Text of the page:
Have you seen these “inspirational” fitness quotes in the popular media?
Better sore, than sorry
Sweat is just fat crying
Sore, the most satisfying pain
Wake up. Work out. Kick ass. Repeat.
Winners make goals, losers make excuses
Making excuses burns zero calories per hour
Three months from now, you will thank yourself
I will make sweat my best accessory, I will run harder than my mascara
Running is nothing more than a series of arguments between the part of your brain that wants to stop and the part that wants to keep going
Inspirational quotes are designed to motivate—to remind us of a “need or desire that causes us to act”. Thanks to social media, we constantly see and hear these waves of inspirational sayings designed to motivate us.
When do these powerful waves of “inspiration” lead to a drought of motivation to exercise? Take a look at those popular quotes again. What do you notice? The underlying messages reflect what I hear from 95% of the patients and clients I see for the first time. It is the strong belief that to get “results” from exercise, you need to suffer and if you are tough enough to get through that suffering, you will “see results”. It might be expressed in their exercise history, or just a simple eye roll when I ask them about exercise. But it is there for nearly everyone I talk to about exercise. It keeps them either exercising and feeling like they are just not working hard enough to get “results”, or not exercising and feeling like a “loser” for making excuses.
In this flood of information about how to get motivated, we have lost our way. Research is SO clear about this; criticism, being tough on yourself drains motivation, and kindness leads to lasting motivation. Sure, a good kick in the butt or a wake-up call can get us motivated. Certainly, there are times we do need to handle suffering to get results. Certain medical treatments, like chemo, require putting your head down, doing what you have to do to be healthy again. Athletes need to push through grueling workouts to get that competitive edge. It’s the only way through certain things in life.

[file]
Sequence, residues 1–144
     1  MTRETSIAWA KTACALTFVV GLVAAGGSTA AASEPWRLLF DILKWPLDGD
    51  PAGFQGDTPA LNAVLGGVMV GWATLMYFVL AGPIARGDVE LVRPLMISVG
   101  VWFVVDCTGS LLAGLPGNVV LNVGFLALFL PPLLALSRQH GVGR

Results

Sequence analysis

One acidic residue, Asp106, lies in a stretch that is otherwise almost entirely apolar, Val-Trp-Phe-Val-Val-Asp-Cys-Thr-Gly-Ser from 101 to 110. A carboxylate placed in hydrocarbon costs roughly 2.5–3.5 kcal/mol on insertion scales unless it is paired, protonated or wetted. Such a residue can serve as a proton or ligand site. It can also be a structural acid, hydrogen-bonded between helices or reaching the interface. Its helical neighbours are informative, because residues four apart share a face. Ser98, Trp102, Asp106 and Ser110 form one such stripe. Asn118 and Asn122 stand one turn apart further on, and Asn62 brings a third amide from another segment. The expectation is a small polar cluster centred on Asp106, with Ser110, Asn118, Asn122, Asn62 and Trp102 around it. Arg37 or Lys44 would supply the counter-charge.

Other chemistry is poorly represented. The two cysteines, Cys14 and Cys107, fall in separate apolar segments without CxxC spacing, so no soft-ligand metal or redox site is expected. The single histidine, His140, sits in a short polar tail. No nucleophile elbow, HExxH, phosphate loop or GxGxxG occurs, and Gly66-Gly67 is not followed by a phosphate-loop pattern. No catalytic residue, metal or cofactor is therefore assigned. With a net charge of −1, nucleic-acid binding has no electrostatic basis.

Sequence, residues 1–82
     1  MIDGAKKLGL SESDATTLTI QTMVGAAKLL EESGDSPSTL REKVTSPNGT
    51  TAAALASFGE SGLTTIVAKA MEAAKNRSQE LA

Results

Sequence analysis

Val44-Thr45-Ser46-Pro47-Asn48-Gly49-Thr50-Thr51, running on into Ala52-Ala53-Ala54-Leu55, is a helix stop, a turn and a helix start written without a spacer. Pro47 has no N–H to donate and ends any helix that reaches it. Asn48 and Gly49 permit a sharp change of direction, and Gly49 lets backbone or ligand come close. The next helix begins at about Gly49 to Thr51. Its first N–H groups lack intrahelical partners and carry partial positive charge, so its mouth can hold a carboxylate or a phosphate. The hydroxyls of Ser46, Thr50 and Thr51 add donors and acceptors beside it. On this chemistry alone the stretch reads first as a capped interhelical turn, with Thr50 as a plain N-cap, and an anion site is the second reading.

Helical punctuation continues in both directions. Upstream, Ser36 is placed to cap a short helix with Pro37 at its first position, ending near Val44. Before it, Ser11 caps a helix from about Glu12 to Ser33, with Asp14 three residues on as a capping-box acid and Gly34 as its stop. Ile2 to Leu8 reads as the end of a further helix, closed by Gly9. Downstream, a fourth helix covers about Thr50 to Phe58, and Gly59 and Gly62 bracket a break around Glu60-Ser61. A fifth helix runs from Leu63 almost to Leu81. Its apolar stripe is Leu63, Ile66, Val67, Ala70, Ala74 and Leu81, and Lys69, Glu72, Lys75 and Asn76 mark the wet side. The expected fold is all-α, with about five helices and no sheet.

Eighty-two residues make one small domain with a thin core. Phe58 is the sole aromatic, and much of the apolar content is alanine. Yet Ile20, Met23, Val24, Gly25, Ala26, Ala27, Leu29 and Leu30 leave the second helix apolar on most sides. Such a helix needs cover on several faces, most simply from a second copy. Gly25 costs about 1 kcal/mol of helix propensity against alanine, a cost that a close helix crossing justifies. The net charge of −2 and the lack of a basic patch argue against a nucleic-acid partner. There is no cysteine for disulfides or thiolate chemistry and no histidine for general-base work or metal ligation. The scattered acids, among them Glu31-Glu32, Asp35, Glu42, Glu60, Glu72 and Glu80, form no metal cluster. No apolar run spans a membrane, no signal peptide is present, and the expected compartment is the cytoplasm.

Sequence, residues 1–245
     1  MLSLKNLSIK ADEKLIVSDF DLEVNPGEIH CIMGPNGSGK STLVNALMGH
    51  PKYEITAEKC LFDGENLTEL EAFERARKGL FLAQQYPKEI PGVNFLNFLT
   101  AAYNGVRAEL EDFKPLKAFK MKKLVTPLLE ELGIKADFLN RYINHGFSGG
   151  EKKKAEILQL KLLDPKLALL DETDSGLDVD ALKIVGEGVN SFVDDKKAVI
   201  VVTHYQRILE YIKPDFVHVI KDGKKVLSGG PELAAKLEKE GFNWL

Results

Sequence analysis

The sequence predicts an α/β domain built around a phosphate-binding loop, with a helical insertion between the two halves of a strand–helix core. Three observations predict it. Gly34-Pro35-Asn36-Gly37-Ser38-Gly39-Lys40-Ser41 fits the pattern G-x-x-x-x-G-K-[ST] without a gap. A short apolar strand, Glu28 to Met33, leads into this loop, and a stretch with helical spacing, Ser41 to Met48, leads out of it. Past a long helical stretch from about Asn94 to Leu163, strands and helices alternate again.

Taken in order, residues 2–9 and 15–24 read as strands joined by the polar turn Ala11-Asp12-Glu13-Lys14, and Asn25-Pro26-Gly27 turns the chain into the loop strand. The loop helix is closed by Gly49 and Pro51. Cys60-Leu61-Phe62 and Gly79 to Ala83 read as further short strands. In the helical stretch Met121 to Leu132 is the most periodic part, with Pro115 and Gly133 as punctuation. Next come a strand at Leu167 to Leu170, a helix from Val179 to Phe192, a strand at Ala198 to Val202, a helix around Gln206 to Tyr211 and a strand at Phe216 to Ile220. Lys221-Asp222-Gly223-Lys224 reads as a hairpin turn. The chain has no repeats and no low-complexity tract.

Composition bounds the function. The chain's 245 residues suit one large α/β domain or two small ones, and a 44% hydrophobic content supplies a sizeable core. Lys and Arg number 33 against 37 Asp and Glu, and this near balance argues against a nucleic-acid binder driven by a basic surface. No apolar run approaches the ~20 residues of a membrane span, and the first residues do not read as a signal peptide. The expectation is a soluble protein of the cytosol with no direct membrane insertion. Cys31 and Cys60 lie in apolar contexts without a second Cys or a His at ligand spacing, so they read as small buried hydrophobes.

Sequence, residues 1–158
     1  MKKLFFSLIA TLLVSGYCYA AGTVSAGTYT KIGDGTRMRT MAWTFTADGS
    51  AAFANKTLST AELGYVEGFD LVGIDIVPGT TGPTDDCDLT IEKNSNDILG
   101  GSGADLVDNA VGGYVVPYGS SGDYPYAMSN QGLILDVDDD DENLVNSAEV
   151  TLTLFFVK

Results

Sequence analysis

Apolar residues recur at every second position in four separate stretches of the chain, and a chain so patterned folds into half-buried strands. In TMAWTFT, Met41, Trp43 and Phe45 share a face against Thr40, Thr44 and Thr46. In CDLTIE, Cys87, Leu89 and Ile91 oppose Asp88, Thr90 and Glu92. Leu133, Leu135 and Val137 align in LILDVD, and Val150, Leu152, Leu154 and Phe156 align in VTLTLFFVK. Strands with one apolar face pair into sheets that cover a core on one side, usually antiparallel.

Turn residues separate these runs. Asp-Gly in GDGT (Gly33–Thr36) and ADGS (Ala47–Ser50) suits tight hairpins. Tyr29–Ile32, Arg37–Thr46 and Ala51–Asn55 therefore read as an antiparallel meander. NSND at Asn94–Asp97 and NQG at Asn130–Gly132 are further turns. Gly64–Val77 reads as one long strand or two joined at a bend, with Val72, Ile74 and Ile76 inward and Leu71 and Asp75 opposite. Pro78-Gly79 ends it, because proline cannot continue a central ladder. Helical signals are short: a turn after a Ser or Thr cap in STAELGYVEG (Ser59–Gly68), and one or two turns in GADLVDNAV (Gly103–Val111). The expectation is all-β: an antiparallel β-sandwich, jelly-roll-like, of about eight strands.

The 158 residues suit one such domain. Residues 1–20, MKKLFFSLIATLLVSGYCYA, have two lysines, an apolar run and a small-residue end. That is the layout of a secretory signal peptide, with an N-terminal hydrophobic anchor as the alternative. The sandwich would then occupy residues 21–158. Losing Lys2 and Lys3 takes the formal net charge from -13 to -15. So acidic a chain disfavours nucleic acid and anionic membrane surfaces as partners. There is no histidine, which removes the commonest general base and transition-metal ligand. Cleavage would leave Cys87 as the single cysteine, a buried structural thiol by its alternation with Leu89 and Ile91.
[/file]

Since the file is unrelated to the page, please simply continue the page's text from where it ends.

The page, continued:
The problem with this approach is it’s not built for sustainability. It is designed for getting from point A to point B. If, however, if your goal is to live as healthy and well as you possibly can for your whole life, point A and B are now, and each moment for the rest of your life. The paradox is, this is the “real results” most of us want from exercise.
Rest assured, kindness does not mean you will “let yourself off the hook”, quite the opposite. It means recognizing suffering is a red flag that what you are doing is not sustainable. It means listening to, and trusting your body as your best guide. This is the real challenge, because it asks us to go against the tidal wave of misguided inspiration. Get real inspiration, and real results, from what we know about motivation and movement science. Exercise is most sustaining when it is an act of self-care. That’s inspirational!
“We are not meant to be perfect.
We are meant to be whole.
It took me a long time to learn that.”